Sandiland, Nic (2010) SPDT. [Artefact]
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The switch can be seen not only as the primary interface with digital technology but also as part of its essential make up. In the form of an electronic transistor, the switch provides the irreducible building block for the modern computer. In the form of a mechanical object it takes converting a physical action into a definite digital instruction. SPDT (single pole double throw) draws its inspiration from early computing where these two aspects were closely linked. Before computer keyboards or even punch cards, programmers would enter their code into the machines line by line through vast arrays of switches. This action, the flicking of a switch, spoke directly to the computer in its own binary language: on and off, ones and zeros; an intimate dialogue with no translation needed. In SPDT there is no computer as such, only the switches. Each switch responds to a physical action. Flick down and it illuminates, flick up and it goes dark. Here the viewer is the programmer and the code is on the wall. -Heat Exchanger focuses on the viewer’s presence as an active role in implicating engagement -Dimmer presents a closed circuit where the illumination is the viewer’s movement. Action and reaction are both intimately linked and inseparable.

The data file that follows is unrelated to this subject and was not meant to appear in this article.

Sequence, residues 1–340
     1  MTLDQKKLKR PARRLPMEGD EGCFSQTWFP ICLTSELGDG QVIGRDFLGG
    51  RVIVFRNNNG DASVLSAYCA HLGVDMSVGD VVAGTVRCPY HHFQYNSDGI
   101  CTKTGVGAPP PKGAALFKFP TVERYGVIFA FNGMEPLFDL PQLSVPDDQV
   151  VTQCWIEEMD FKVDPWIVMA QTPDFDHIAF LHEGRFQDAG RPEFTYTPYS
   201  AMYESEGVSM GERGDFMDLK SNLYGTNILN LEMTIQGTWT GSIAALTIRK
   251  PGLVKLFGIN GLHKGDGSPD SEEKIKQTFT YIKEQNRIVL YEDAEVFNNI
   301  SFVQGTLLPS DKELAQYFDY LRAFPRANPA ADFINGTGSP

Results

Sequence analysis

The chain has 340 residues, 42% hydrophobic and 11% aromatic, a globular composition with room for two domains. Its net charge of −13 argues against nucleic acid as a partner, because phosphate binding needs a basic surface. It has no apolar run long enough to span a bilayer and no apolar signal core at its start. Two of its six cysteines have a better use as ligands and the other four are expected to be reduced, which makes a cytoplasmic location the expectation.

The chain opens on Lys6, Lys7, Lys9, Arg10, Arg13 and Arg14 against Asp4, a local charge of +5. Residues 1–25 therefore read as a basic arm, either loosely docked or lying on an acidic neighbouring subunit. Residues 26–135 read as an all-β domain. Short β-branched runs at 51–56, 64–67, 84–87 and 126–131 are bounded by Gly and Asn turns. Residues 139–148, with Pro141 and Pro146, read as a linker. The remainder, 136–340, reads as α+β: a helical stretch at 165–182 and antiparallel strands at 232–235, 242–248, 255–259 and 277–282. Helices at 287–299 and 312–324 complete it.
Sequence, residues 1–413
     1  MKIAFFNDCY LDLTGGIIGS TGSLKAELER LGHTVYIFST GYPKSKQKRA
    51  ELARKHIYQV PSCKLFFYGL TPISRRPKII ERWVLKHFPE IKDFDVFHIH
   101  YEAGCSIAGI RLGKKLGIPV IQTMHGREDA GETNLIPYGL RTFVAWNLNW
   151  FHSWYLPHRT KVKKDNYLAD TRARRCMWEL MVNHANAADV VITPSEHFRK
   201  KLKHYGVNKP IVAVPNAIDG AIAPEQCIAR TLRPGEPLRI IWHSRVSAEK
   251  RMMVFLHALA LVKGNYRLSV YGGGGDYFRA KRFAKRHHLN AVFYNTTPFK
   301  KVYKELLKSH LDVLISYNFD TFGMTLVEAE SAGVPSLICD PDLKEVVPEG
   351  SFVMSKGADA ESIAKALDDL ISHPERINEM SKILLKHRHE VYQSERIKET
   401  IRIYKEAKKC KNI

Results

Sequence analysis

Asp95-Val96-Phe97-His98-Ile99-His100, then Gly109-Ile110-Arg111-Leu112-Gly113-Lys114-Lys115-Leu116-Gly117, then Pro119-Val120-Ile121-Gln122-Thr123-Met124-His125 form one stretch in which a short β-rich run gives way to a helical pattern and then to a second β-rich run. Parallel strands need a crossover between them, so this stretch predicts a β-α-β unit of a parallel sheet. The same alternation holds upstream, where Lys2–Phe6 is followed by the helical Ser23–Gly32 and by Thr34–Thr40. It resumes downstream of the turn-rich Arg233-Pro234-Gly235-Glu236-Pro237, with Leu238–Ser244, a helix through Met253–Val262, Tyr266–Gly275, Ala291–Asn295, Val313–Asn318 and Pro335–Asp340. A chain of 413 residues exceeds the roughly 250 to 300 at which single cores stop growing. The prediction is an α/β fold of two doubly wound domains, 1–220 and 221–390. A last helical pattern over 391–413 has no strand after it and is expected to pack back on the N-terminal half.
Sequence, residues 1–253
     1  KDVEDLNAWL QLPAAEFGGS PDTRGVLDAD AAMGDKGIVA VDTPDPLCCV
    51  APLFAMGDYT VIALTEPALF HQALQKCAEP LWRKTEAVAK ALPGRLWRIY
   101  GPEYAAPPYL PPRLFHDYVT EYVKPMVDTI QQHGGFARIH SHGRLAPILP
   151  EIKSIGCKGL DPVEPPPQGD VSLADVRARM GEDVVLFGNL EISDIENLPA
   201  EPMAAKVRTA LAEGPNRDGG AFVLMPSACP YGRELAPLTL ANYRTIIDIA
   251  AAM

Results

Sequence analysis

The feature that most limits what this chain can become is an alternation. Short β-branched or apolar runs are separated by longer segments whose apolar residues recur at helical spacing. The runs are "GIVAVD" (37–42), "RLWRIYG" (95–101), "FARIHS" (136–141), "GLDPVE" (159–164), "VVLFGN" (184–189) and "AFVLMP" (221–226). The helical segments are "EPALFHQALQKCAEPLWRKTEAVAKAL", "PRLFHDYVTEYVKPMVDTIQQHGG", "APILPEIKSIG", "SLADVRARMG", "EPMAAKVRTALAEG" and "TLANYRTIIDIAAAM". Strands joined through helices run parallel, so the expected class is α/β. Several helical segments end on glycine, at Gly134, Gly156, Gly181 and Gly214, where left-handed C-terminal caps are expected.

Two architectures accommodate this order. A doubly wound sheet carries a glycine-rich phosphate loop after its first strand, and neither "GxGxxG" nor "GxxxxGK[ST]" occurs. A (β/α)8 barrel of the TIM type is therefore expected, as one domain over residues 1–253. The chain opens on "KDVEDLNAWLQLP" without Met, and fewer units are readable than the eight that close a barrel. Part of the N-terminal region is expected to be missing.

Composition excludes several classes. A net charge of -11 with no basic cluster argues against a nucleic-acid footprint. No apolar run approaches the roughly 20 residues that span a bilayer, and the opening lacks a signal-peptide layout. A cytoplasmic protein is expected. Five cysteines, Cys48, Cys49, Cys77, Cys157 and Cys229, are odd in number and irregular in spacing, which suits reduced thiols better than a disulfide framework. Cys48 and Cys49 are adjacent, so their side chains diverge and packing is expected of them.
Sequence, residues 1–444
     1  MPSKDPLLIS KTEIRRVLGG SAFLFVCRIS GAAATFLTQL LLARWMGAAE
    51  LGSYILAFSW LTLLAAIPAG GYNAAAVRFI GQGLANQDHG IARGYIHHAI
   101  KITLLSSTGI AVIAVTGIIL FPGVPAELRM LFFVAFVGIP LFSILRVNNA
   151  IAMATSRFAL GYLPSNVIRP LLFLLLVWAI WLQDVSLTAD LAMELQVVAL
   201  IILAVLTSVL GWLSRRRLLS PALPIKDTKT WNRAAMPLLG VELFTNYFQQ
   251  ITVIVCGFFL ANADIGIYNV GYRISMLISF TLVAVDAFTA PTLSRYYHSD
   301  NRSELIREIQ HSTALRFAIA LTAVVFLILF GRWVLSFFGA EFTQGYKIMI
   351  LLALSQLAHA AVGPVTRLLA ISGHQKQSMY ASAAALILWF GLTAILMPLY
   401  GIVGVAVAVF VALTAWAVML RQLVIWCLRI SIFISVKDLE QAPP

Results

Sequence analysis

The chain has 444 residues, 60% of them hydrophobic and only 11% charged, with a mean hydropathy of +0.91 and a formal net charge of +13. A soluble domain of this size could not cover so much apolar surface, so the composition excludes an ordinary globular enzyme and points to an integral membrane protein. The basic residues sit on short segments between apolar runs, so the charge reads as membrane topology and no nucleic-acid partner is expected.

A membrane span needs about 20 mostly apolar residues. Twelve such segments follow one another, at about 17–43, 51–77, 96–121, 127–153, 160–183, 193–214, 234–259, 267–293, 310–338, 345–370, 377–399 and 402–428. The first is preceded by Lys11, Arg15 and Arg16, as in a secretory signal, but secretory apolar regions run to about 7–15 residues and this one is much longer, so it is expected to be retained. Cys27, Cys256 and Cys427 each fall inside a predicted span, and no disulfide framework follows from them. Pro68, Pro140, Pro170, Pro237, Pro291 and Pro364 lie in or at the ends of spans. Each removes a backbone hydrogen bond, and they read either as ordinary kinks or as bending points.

This item was seen as part of Nic Sandiland's solo exhibition (The blind man’s stick) held in Hastings.
|Research Areas:||Middlesex University Schools and Centres > School of Art and Design > Visual Arts|
Middlesex University Schools and Centres > School of Art and Design > Visual Arts > Electronic and Digital Arts cluster
|Deposited On:||21 May 2010 13:42|
|Last Modified:||27 Nov 2014 16:35|
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